Friends are there…

Popping from the funny pages, Garfield and Friends hit the Saturday morning airwaves on September 17, 1988. This successful show lasted eight years. The format of the show was in three parts. First was a Garfield short, then a U.S. Acres short, and ending with a final Garfield short.

Garfield has been done in animation so much that I’m going to focus on U.S. Acres. Garfield’s creator Jim Davis launched U.S. Acres as a newspaper comic strip on March 3, 1986 and ran until 1989. Garfield and Friends was my first introduction to the U.S. Acres and my only way to have them in my life since my local newspaper didn’t run it.

The show was set on a farm and featured Orson Pig, the leader. Roy Rooster, a greedy loud mouth that bothers the group. Wade Duck, is cowardly with a such a fear of water that he wears an inner tube around his waist at all times. Booker, an extremely confident chick that never catches worms no matter how much he chases them. Sheldon, is Booker’s unpatched brother. He is the intelligent and philosophical one of the group. Bo Sheep, was a bit different from his comic version. In the comic he was wasn’t very bright but perky. In the cartoon he was depicted as a surfer dude. Still a bit dim but always calm, cool, and collected. Lanolin Sheep, is the opposite of her brother Bo,l.

Much like most Saturday morning cartoons of the 1980’s the plots were simple. A short adventure with a lesson in the end. The humor was fun and what was expected from a Jim Davis cartoon.

The classic Jim Davis style is seen throughout the cartoon. Characters were simple and clean in design. The backgrounds were simple and normally brightly colored staying true to Jim Davis’ style. Check out the pictures below.

Gregg Berger voided Orson as well as Odie in the Garfield segment. Funny story. Gregg also voices Grimlock in the Transformers cartoons and I was supposed to be on a panel with him in November 2018 discussing the Transformers. Unfortunately, I got sick and had to cancel my appearance. I hope I get another chance to meet him as I’m a fan of his Garfield and Transformers characters. Roy was voided by Thom Huge who als voice Jon Arbuckle in the Garfield segments. Wade was voiced by Howard Morris who was the original Gopher in the first Winne the Pooh movie. In the Garfield segments Julie Payne Dr. Liz Wilson an voiced Lanolin in the U.S. Acres shorts. The multitalented Frank Welker voiced the rest. Frank Welker is best know as Fred Jones on Scooby Doo as well as Scooby since Don Messick passed. If you look up Frank on IMDB you’ll find that he has 834 acting rolls and still counting. I did some research and I couldn’t find anyone with more acting credits. I’m not sure if there is a cartoon Frank Welker isn’t part of.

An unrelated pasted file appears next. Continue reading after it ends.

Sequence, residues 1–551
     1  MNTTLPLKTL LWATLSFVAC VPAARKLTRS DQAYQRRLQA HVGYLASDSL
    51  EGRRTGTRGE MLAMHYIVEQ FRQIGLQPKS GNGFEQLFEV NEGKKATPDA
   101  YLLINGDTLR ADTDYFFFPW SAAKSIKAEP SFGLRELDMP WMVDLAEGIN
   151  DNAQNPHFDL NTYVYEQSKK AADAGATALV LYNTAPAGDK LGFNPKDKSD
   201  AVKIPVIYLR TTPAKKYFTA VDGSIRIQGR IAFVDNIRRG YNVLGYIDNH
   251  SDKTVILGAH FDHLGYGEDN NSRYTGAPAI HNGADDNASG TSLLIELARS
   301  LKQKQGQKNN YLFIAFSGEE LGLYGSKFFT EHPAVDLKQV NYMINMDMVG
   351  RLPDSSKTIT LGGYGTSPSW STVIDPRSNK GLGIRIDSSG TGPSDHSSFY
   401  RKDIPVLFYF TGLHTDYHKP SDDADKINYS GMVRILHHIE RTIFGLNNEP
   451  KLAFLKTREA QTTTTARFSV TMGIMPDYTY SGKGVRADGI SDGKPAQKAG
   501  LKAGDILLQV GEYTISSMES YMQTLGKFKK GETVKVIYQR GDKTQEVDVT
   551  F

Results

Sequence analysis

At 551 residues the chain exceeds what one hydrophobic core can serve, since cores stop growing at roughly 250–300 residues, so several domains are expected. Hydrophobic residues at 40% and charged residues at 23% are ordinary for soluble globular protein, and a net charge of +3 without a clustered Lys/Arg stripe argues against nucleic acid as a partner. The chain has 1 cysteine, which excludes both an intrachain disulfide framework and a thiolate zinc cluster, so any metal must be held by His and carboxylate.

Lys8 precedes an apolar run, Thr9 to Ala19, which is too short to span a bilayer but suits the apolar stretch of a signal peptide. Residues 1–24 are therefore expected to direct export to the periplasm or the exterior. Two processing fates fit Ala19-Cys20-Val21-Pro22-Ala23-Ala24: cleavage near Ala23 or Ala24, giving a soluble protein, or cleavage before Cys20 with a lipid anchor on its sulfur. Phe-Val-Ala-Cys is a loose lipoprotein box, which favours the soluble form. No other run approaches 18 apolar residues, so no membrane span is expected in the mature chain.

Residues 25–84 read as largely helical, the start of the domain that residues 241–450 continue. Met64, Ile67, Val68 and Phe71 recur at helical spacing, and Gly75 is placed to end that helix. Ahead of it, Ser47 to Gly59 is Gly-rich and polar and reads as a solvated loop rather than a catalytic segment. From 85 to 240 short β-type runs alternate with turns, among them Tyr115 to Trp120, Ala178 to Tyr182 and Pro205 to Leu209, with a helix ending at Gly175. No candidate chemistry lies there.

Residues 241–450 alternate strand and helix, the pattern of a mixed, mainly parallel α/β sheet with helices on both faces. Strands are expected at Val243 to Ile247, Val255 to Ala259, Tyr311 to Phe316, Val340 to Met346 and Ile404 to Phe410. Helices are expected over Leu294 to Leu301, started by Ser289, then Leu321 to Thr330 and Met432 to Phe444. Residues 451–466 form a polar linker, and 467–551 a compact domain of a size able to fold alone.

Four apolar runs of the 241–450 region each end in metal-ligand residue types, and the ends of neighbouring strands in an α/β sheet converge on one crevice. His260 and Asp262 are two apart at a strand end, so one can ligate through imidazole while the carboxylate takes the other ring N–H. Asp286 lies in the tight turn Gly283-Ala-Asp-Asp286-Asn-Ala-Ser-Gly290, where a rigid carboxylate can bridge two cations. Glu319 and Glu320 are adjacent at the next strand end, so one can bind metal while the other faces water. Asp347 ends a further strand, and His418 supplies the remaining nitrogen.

U.S. Acres was a fun 6-8 minute short that I enjoyed each week. I look back at the enjoyment this cartoon brought me. Although I watch all types of cartoons, I’ve always leaned towards cartoons with animal characters. Maybe it’s because I grew up on Mickey Mouse, the Looney Tunes, Tom & Jerry, Woody Woodpecker, and Yogi Bear. Maybe it’s the clean and simple style or because I just enjoying drawing animals. Whatever the reason, U.S. Acres is a fun cartoon. Garfield and Friends is currently available on DVD and on the Boomerang app. You can also find some shorts on YouTube.

I now leave you with a short I found on YouTube. and I’ll be back next week. Until then, remember…there is always time to GET IN TOON!


Tip Tuesday

It’s time to GET IN TOON! with Tip Tuesday.

Today’s tips are about supplies. Artists use a variety of supplies and I’ll be showing you photos of what I use.

This is my digital setup. I have an 27″ iMac with my cintiq 27QHD with ergonomic stand. There is also my Canon scanner/printer. I don’t use that as much as I used to these days. When drawing on the computer I primarily work in Adobe Photoshop.